Israeli society has not learnt to appreciate and celebrate this normalcy. So far, we have not developed a stable language; regularity seems foreign to us. We have not yet made the full psychological transition from a scattered diaspora to centralized government, from an expatriate to sovereignty and from a history of fear and persecution to a politics of trust and self-confidence. Our leaders, as cynical as hordes of other political leaders, take advantage of this collective weak point and perpetuate its tensions for their own gain.

A leader’s ability to promote fear depends very much on the public’s willingness to be afraid. And Israeli Jewish people embrace fear – they are addicted to it. Despite the immense power we have, unlike ever before, we are not yet ready to give up Israel’s status as a community of victims. Many of us identify constant fear as a natural and authentic connection with Jewish history as if it were burnt into our minds. If there is anything that the Israeli educational system has succeeded in instilling, it is the belief that generation after generation of Jews have been subjected to a major, ongoing hate campaign. Its history is as ancient as hostilities between Isaac and Ishmael, Jacob and Esau. Every opponent is an oppressor, every oppressor like Hitler and every legitimate critic anti-Semitic.

However, most Jewish history has been relatively calm. And the continuity of Jewish existence in scattered places was no more difficult than that of the neighbours among whom we lived. Only a few times in this long history have we been targeted, persecuted and killed. The rest of the time, everyone was killing everyone else with murderous generosity. And Jews were no exception.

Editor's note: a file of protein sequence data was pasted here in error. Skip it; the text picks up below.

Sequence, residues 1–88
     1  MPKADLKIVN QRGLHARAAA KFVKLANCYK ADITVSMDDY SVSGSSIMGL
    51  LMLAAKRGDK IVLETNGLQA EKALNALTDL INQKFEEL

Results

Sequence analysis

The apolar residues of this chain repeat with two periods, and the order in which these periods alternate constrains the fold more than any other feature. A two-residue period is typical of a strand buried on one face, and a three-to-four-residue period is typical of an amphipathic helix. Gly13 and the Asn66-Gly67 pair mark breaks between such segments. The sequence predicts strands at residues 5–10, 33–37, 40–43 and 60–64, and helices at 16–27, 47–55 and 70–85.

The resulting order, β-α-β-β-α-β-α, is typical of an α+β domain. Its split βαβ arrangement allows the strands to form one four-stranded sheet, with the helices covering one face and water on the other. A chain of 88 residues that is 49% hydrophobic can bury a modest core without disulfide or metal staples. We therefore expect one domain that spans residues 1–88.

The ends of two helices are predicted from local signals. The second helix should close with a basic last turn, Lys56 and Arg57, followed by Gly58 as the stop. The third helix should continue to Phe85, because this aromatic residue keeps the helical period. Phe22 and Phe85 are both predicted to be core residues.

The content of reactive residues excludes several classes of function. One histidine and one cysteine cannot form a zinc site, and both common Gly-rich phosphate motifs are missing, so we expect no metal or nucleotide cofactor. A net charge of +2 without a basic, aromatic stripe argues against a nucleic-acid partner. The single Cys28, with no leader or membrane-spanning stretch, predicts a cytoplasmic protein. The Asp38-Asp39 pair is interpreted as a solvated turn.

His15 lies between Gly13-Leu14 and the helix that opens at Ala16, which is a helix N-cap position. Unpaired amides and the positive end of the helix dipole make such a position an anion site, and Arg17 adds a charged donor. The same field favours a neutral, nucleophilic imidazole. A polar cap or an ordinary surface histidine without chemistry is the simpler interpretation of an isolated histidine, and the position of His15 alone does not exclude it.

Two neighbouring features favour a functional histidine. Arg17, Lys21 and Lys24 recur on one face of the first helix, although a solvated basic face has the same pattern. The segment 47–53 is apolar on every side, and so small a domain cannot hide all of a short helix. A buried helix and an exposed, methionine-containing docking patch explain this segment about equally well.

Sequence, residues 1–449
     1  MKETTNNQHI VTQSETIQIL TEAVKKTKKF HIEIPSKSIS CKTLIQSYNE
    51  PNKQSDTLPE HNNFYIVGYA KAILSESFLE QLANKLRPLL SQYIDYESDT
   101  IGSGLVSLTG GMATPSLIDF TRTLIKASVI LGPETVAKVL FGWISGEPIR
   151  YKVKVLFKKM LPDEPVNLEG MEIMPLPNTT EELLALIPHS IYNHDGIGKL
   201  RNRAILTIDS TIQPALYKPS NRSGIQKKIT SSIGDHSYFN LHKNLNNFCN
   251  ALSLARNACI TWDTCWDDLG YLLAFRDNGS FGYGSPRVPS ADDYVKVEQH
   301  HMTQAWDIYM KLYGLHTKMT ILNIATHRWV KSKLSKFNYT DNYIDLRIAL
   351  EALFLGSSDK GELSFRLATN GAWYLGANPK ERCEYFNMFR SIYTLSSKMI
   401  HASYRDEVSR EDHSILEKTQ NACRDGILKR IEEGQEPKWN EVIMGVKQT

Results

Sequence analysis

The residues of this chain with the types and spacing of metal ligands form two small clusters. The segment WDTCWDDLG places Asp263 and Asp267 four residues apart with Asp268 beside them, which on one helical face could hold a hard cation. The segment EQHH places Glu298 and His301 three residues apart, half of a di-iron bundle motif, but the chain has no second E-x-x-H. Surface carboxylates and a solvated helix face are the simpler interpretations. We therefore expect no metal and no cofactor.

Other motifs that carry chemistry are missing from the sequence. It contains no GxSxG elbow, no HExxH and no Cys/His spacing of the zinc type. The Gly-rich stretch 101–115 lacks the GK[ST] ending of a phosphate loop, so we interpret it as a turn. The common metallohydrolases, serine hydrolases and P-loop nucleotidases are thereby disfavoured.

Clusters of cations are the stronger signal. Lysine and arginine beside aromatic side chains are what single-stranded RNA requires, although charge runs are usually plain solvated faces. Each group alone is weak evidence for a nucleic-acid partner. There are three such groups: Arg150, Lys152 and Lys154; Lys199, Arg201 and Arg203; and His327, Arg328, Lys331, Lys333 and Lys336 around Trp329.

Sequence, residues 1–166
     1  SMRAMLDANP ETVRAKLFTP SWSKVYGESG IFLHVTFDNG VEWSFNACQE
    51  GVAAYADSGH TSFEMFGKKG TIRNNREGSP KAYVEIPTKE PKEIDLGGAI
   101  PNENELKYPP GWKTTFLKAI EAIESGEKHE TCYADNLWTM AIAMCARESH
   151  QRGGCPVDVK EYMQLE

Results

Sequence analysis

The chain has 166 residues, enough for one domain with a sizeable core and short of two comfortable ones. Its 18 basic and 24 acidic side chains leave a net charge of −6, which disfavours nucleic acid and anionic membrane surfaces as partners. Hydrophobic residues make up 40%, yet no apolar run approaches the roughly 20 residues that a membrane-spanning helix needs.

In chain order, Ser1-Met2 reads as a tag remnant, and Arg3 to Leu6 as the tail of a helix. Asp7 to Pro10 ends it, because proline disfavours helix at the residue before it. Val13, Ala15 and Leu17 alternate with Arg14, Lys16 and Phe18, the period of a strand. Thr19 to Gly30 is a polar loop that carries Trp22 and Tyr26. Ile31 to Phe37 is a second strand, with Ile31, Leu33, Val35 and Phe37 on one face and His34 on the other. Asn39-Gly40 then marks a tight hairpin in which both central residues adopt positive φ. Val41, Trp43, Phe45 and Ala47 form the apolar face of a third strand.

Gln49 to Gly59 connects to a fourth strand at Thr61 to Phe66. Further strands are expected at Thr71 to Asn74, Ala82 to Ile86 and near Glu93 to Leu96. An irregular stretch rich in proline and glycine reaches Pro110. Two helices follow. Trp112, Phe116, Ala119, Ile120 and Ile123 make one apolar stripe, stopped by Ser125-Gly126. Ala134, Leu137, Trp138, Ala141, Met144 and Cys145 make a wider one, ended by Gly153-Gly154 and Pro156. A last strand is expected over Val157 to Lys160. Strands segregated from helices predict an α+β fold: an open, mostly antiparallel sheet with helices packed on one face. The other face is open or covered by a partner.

‘Eternal victimhood syndrome’ redeems us from any responsibility. In a recent round of violence in Gaza, I took to the street with my friends in protest against this unnecessary war. At the end of the demonstration, some right-wing thugs gathered around me. Our conversation was affected by their jeering threats and ended like this:

‘Burg, why are you against the war in Gaza?’
‘Because I’m always anti war and against the inhuman blockade in Gaza in particular.’
‘I know it’s not a kind thought, but we didn’t set up gas chambers in Gaza, did we?’
‘I really hope not. Of course not.’
‘So, everything’s fine, right?’

That is the secret – victimhood liberates us from all responsibility. Nothing can compare to what ‘they’ did to ‘us’. And, as a result, we are allowed to do anything other than what they did to us. Dialectically, our actions become kosher. The Holocaust is our roof and penthouse – it is the floor of emotions that justifies everything, enables us to do almost anything and not pay the bill.

Israel’s social divide, ideological fragmentation and eroded democracy are housed under  chronic fear. No wonder for many Israel is considered the microcosmos of the West. If you want to understand the West, come visit us. Everything is concentrated, concise and intense in Israel. Once you understand us, you will comprehend human tensions and tendencies the world over.

Avraham ‘Avrum’ Burg was a recurrent Visiting Fellow at the IWM from September 2019 to May 2020.